Which points toward one of the contradictions of their craft -- because there is fantastic money in it. Vintage cars have been racking up record prices at auctions through 2014, and the most rarefied specimens never make it to auction, they’re usually placed through private brokers and dealers.  They tend to hold their value when stocks and real estate do not.  That means Cooper’s investors might put up hundreds of thousands of dollars to restore a car that will eventually fetch tens of millions.  But the restoration will take thousands of hours, and after it’s finished they may wait years to place it with the buyer prepared to pay its real value.

In the meantime, the restoration itself is done by meticulous, skilled craftsmen who might work for something close to the honor of working on the vehicle.  Al got paid for working at Cooper Technica but eventually, he had to quit because he simply couldn’t afford it.  Sign work pays better and it is his main employment today.

But he remains involved in the Midwest racing circuit, and his racing connections spawned the business that would become TECH RacinGraphics, when his friend Rusty Zimmerman first asked him to decorate his racing helmet in 1999.  It turns out that the paint masking techniques and adhesive vinyls Al uses for sign work also lend themselves to the kind of meticulous detail his helmet customers ask him to produce.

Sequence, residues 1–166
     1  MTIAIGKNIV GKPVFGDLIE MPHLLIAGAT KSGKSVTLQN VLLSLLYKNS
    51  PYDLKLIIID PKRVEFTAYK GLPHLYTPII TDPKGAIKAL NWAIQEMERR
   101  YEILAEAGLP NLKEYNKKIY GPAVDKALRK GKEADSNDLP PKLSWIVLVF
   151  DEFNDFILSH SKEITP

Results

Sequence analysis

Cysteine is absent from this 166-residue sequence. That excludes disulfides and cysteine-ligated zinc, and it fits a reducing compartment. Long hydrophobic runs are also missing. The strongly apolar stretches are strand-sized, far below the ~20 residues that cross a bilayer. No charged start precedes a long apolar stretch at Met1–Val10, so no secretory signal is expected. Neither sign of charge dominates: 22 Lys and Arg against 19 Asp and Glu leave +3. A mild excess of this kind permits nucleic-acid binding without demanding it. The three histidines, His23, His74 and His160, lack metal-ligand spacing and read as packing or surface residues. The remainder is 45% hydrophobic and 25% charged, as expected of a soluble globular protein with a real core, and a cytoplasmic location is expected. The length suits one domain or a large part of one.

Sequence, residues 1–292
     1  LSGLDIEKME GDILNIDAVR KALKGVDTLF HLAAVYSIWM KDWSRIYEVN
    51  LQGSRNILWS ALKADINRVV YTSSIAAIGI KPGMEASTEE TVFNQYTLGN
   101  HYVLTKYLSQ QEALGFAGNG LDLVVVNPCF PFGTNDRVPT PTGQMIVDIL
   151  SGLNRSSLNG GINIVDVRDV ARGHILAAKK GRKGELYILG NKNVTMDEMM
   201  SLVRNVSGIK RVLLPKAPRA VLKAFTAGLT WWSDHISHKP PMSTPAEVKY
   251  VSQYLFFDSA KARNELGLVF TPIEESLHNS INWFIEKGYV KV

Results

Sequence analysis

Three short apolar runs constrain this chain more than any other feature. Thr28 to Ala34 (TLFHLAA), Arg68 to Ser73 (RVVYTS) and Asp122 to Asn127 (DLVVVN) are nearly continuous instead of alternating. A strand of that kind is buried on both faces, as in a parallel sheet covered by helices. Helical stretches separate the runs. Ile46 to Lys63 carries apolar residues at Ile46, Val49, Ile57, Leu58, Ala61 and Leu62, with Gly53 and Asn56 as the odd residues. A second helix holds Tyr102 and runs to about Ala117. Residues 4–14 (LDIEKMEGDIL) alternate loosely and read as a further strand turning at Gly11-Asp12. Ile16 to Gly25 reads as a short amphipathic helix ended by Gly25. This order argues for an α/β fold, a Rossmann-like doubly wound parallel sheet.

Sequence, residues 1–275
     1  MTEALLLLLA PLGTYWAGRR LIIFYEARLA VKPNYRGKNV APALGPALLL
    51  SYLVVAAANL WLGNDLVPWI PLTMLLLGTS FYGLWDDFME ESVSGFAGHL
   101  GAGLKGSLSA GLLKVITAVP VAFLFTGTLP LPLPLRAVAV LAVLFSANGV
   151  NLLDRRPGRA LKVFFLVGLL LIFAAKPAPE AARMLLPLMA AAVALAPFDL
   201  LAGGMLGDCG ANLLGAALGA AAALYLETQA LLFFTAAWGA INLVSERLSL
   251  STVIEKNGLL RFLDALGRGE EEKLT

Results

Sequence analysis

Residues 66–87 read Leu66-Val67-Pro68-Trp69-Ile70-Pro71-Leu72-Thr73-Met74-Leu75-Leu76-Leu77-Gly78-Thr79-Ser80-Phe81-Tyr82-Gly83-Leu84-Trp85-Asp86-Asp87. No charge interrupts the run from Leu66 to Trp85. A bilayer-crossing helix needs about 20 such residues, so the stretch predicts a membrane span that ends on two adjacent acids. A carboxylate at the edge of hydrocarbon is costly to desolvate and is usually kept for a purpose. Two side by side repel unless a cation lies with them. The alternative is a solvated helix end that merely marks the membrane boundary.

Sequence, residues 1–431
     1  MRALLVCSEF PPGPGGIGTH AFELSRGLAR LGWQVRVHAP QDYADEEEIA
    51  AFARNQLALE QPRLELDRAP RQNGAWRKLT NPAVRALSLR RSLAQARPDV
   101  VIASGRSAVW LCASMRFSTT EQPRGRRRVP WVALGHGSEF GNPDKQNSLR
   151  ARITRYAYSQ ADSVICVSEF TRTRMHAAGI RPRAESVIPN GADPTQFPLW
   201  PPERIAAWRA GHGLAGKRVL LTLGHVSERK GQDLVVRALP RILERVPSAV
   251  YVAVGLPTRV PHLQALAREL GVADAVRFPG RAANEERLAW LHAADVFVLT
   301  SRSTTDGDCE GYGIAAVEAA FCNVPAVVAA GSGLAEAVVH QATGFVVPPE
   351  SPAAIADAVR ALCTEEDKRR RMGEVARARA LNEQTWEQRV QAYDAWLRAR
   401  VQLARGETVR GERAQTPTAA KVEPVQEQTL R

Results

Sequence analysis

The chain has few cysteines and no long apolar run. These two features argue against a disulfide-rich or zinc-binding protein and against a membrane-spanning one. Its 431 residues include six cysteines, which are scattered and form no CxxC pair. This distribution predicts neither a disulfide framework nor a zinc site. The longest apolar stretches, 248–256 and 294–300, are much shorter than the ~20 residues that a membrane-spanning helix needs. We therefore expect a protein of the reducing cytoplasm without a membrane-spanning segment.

TECH RacinGraphics, might decorate a $1,000 helmet for $600 to $900, depending on the level of detail.  To make the checkered pattern on this helmet Al masked out hundreds of tiny squares.  Customers have occasionally hinted he might charge more, and he admits he finds it hard to set prices, which is one reason he eventually abandoned his business as a full time entrepreneur.  He made a living during a respectable stretch of good years, but his work life has spanned a postmodern period defined by the pressures that acceleration, globalization, and widening disparity of incomes exert on labor and ownership alike.

In some ways those pressures have made work more exciting: Al agrees he’s had opportunity to engage in far wider array of interesting work than he would have in a quiet office or on a factory floor.  In fact, his particular interests in racing and rare cars are fueled by the fortunes of wealthy individuals.  But for Al, there has been a big trade off in basic job security and the absence of a reliable safety net.

On the race course, Al says the most expensive car doesn’t always win the race, but he says the car probably counts for more than half of it.  So it’s partly to keep the sport interesting that the racing community self regulates, subdividing the field into classes, so that cars of an era, or similar horse power, compete against each other, giving the widest possible field of cars a fair opportunity to push their limits at the track.

Short of some real life parallel, there is the satisfaction of finding your niche, and finding it again if you can each time the course changes.  If Al’s not sure how to price his helmet graphics, that’s partly because he’s prone to lose track of time while he’s working on them.  He describes himself at work in his paint booth in the middle of the night -- the work is peaceful, he is fully absorbed.  He refers back to that “Empower Your Career” course he took years ago when he says “Working in that paint booth is exactly the kind of work environment I belong in.”

Al on the F1 podium at the Indianapolis Motor Speedway,
from TECH RacinGraphics web page:
"This is the level of enthusiasm I apply to every helmet I work on."

1 comment:

  1. My uncle had an old MG, he promised it to me when I was 12 or so. Never ran, I think he ended up selling it for a few grand. Garaging it was a loosing proposition, like paying $50 a month in fees to keep $2,000 in a bank account. It always astounds me how cheaply you can buy these old cars and how most of the guys take a loss on parts & labor when they are sold.